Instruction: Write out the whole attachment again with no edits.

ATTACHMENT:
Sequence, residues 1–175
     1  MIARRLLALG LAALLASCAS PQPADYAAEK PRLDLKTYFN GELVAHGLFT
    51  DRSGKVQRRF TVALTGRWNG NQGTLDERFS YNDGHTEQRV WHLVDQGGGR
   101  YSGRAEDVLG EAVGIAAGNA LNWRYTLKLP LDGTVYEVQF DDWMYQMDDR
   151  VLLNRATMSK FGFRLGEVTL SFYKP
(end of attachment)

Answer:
Sequence, residues 1–175
     1  MIARRLLALG LAALLASCAS PQPADYAAEK PRLDLKTYFN GELVAHGLFT
    51  DRSGKVQRRF TVALTGRWNG NQGTLDERFS YNDGHTEQRV WHLVDQGGGR
   101  YSGRAEDVLG EAVGIAAGNA LNWRYTLKLP LDGTVYEVQF DDWMYQMDDR
   151  VLLNRATMSK FGFRLGEVTL SFYKP